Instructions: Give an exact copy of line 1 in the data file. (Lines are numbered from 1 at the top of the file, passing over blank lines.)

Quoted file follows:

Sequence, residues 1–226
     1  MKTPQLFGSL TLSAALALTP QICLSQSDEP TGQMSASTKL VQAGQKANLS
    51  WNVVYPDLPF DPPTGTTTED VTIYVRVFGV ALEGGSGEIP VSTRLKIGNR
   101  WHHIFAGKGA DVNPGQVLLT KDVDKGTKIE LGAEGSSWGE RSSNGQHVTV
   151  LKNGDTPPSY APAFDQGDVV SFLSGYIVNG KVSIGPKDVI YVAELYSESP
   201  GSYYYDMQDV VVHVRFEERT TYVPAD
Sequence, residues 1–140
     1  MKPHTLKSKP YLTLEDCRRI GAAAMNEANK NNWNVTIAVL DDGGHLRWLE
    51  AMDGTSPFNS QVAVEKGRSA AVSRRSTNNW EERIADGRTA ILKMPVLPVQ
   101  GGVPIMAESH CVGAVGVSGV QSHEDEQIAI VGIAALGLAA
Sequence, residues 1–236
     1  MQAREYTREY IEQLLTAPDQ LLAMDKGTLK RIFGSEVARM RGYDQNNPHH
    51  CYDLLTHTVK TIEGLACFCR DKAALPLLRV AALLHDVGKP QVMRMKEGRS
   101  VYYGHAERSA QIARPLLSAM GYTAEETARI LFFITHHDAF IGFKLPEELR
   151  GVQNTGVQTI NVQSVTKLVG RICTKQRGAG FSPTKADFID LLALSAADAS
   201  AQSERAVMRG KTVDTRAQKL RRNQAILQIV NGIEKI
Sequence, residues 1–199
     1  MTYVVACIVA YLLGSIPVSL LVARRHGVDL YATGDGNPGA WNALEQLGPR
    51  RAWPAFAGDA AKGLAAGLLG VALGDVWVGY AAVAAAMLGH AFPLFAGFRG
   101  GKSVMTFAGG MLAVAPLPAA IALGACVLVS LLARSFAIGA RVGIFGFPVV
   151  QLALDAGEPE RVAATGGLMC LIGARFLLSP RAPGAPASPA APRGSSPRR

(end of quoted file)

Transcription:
Sequence, residues 1–226